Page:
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Bamun Antelope Mask Cameroon Grasslands African Art

Product #: 128567
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Title Bamun Antelope Mask Cameroon Grasslands African Art
Type of Object Mask, headcrest
Country of Origin Cameroon
People Bamileke or Bamun, Bamum
Materials Wood, pigment
Approximate Age 20th Century
Dimensions Height: 28 Inches
Width: 11 Inches
Overall Condition Good. Most of our pieces have spent decades on at least two continents, and have been treasured by several owners.   Small splits, scrapes and cracks are a normal part of their patina attesting to their age and extensive use.  We examine each piece carefully when we receive it and report any damage we find in our listings.  Please look carefully at the pictures which may also reveal condition and damage.
Damage/Repair worn surface, chips in places, hole in face

Additional Information: Animal masks of the Cameroon Grasslands are the prized possession of the "Fon," or regional leader, and are worn by dancers on top of their heads during agricultural ceremonies. Our example shows a very large head with horns, ears,  and oversize nose and open mouth.   

Large game animals with massive bodies are very often represented on the masks of Cameroon. They are associated with the king power. They were an important part of every ritual dance. They were worn has mask crest over the head.

The art of the grasslands area of Cameroon is a royal art, devoted to the veneration of ancestors and the enrichment of the Fon, or main chief. The Cameroon Grasslands is a large and extremely diverse cultural area, inhabited by a large number of related peoples. The main groups are the Bamileke, Bamum, and Bamenda Tikar. The Bamileke are one of the artistically elite groups of the Cameroon Grasslands, along with the Bamun and the Bamenda Tikar. These groups produce an array of beautiful and unique objects, which are used almost exclusively by the royal courts of the regional Fon. There are also numerous, still-smaller groups, which are loosely affiliated with one another and share many historical and political similarities. All of these groups originally came from an area to the north, scattering in complex patterns during the last several centuries. Fulani traders moving steadily southwards into Cameroon during the 17th century forced the southern movement of most of the current residents. The dense forests, though now disappearing, and the scattered nature of the many tiny villages, have made the study of this area a daunting task for ethnologists, and has prevented the development of a "school of thought" concerning their artistic output.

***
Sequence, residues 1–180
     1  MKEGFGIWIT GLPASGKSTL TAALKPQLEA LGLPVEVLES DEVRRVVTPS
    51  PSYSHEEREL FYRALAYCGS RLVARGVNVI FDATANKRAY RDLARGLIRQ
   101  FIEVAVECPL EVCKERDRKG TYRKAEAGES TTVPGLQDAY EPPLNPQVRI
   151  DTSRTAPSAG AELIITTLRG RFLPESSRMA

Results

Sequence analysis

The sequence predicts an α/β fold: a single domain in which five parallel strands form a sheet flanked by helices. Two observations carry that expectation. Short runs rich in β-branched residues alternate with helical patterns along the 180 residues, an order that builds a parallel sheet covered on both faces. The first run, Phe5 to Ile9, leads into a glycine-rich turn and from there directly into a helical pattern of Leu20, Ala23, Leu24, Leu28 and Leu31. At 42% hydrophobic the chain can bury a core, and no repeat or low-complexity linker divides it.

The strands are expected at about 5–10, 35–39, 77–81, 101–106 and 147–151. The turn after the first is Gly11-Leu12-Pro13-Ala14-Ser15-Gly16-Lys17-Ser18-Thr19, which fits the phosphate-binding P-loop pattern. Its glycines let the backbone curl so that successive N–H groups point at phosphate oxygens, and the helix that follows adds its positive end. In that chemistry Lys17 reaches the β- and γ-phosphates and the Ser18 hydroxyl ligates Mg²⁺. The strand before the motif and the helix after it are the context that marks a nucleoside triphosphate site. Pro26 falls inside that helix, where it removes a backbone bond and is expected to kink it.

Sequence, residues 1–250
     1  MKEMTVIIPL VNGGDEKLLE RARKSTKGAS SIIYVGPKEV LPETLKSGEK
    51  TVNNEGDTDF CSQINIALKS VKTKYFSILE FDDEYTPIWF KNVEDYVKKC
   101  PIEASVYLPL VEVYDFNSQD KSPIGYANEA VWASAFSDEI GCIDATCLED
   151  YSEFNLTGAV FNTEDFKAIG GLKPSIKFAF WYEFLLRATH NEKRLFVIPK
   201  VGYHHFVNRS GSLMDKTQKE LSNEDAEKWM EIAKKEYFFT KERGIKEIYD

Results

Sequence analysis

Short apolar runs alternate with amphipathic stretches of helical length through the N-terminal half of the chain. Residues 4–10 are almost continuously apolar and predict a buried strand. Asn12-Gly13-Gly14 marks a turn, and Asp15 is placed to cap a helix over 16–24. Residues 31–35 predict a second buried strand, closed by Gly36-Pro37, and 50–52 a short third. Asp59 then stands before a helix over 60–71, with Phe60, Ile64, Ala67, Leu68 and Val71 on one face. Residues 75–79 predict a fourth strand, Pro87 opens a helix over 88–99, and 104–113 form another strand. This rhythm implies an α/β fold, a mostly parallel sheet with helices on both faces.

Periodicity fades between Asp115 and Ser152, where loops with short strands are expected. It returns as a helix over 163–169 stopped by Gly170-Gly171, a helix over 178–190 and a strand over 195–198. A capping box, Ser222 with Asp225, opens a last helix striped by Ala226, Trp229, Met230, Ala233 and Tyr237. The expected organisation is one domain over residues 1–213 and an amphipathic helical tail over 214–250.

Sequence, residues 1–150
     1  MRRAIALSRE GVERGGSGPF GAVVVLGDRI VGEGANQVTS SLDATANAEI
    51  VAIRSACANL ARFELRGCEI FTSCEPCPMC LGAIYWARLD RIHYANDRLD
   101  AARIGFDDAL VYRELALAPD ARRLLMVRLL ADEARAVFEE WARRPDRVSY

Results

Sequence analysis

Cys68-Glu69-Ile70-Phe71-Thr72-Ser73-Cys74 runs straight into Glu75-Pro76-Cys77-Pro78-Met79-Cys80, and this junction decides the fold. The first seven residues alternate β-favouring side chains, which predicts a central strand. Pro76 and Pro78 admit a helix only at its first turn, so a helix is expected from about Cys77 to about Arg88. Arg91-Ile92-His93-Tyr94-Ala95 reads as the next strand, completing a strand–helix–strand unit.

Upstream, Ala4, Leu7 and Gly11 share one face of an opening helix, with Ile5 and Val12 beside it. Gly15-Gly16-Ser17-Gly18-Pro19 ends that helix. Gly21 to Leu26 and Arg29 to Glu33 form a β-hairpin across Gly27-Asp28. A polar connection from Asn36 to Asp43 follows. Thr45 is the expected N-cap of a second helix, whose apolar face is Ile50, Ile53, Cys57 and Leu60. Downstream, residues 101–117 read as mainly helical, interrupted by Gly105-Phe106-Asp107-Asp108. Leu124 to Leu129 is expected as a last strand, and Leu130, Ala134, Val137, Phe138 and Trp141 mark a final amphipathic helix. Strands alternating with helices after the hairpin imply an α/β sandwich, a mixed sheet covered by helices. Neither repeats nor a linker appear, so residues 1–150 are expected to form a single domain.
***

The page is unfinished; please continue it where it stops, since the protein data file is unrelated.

Recommended Reading: Paul Gebauer, 1979, ART OF CAMEROON, Oregon: Portland Art Association;Tamaran Northern, 1984, THE ART OF CAMEROON, Washington D.C.: The Smithsonian Institution 

 I have examined this piece and agree with the description
Niangi Batulukisi, PhD